Understanding the Psychology of Atheism


This may come as a surprise to most people, but the psychological factors behind a belief in atheism are in fact exactly the same as those involved in belief in the monotheistic religions. Historically, also, atheism has actually arisen out of these monotheistic religions.

Psychology and History of Atheism

Before I explain why this is so, and why these two – psychology and history – are linked, I should add the disclaimer that religions that allow for reincarnation, such as paganism or the religions of ancient civilisations like Egypt or Greece, should not be lumped together with these monotheisms. These are higher religions (paradoxically, it would seem), more advanced than the monotheisms that came later.

First – a history lesson. (With slight gratitude to Nietzsche). Judaism is not the world’s first monotheistic philosophy, nor is it the first monotheistic religion. To say that pre-Judaist polytheistic religions did not have a notion of ‘the universal principle’ (i.e. the monotheistic god) is an error. To go further and say that these people did not philosophize about their religion is what I would call temporal racism. Initiates into mystery religions would discuss and meditate on such things as a matter of training and course.

So we start in Egypt

Eyptian religion had/has two symbols to represent the universal principle, namely ‘Aten’ and ‘Amun’. ‘Aten’ represents the VISIBLE manifestation of this principle (represented by the sun) and ‘Amun’ the INVISIBLE (Amun’s epithet was ‘the hidden one’). It is this conflict, both philosophical and political, that arose out of these two that ultimately led to the form that monotheism would henceforth take. Basically, Amun won, and so the universal principle, i.e. god, was thereafter seen as INVISIBLE.
Psychologically, the universal god of course represents so many things to human beings – to name a few – ‘the soul’; ‘that which human beings can become’ (the endpoint of evolution); ‘nature’; ‘aspirations’ (see tarot card 17 in major arcana – the star); ‘that which is immortal and beyond death’, and so on. Thus to posit such a thing as invisible is to create an unbridgeable gulf between man and the divine (cf. also Plato’s cave in The Republic).

So Now We Come to Judaeism

The Judaisest religion is a combination of the Egyptian Amun as universal principle together with the local mountain/volcano demon (note – not god but mere demon) Jahweh. Thus the wrathful omnipotent god. Because of this, the Jewish mentality looks AT, rather than FROM god. (No graven images either to help learn about the principle and what it means philosophically). The gulf between man and the divine begins.

Furthermore, and perhaps what is more important, death becomes the focal point around which all lifetime is ordered. And thus all ethical considerations. In order to survive death one has to do what one is told, perhaps, and further to this even death is seen as the destruction of one’s own identity (as with some Buddhist philosophy). Death becomes ‘the other’.

Christianity – Christ, being a philosopher who was also a student in Egypt, understood this psychology, and sought to provide a solution – ‘look from god, not at god’; ‘god is within’ ‘i am god – i’m the way – do as i do’. Unfortunately because christianity arose in a judaeist environment in which looking at, rather than from, was the rule, the followers of Jesus misunderstood him and looked AT him instead of FROM. How ironic (And do you think Jesus would want to look at a cross and be reminded of his ‘passion’?).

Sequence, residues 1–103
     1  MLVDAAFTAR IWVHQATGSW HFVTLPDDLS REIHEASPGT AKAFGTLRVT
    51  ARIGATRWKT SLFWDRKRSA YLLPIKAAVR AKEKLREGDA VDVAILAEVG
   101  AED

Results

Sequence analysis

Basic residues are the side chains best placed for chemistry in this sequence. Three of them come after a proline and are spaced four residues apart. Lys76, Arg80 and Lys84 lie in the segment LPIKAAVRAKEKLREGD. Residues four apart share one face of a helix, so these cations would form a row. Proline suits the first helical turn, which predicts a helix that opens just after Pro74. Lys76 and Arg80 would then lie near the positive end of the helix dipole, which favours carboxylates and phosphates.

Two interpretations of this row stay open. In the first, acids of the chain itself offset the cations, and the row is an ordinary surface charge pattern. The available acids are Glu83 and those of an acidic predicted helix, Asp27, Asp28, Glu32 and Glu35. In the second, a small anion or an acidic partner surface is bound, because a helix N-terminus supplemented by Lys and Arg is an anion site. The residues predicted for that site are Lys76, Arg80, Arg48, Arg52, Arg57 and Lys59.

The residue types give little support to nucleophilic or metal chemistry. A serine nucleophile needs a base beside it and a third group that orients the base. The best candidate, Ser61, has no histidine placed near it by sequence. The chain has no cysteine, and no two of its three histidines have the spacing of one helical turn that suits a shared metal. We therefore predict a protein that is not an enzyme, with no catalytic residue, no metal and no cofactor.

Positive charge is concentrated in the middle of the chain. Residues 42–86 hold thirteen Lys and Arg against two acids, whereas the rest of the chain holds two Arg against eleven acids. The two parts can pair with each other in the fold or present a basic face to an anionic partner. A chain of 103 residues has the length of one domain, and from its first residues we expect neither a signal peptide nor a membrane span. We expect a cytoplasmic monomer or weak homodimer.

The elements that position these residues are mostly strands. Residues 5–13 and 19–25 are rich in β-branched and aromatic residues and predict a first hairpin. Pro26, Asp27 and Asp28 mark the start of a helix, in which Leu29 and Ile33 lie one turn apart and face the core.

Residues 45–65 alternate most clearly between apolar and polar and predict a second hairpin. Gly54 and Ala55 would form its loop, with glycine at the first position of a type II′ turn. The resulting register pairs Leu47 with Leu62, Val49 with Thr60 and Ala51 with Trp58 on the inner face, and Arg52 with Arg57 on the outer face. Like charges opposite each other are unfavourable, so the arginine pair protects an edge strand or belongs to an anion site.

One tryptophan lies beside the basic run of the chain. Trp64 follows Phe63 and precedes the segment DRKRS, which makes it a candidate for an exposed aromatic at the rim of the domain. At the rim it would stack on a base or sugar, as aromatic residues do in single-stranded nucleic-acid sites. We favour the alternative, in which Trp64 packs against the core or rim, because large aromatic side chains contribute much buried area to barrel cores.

Anyway, to cut a long ramble short, as i’m sure you want me to, atheism is basically a reaction to this ‘gulf between man and the divine’. Or between ‘man and what he can become’. It is a fundamental, instinctive human reaction to something that is ‘not right for human beings’. Unfortunately, atheists have, in rejecting monotheism, also rejected ALL religions, ALL spirituality, ALL magick. this is their error.

As for the fear of death, obviously these monotheisms, by saying that you live one lifetime then it’s heaven or hell, effectively end any possibility of long-lasting self-improvement (and also improvement to one’s environment – hence the history of monotheistic and atheistic ‘nature is there to be used by us’) or responsibility. And yet it also provides a safety net to the fear of death (remember, by god being invisible death becomes something dark and unknowable – see the difference between this and the rich culture of Egypt in which death was all around and not to be feared). Atheism, on the other hand, sees death as the end; there is no afterlife. But is this not actually the same thing? One lifetime, and that’s it. Psychologically, from the ‘fear of death’, these courageous atheists have decided to be strong and say ‘i’m not scared’. thus they think they have achieved something. They think they, like Jesus, have discovered the flaw in these monotheisms. But essentially they are governed by the same psychological principle. Namely death as central.

That’s about it, I think. except to say two final things to go away with:

First, modern theoretical science is slowly waking up to the fact that despite its atheist outlook many of the things previously described as ‘magick’ are in fact EXPLAINABLE. (i.e. the interconnectedness of all things, or quantum connectivity beyond the speed of light as in the EPR experiment/paradox).

Secondly, it should be noticed that much of modern ethics or morality is based on this one-lifetime thing. take euthanasia, for example, or abortion (you’re not killing a soul, you’re allowing it another chance).

The question one really needs to ask now is this – is this outlook (monotheistic as well as atheist) good for the human species and its future, or is it detrimental? To borrow Nietzsche‘s phrase, ‘to what extent is it LIFE-AFFIRMING?’


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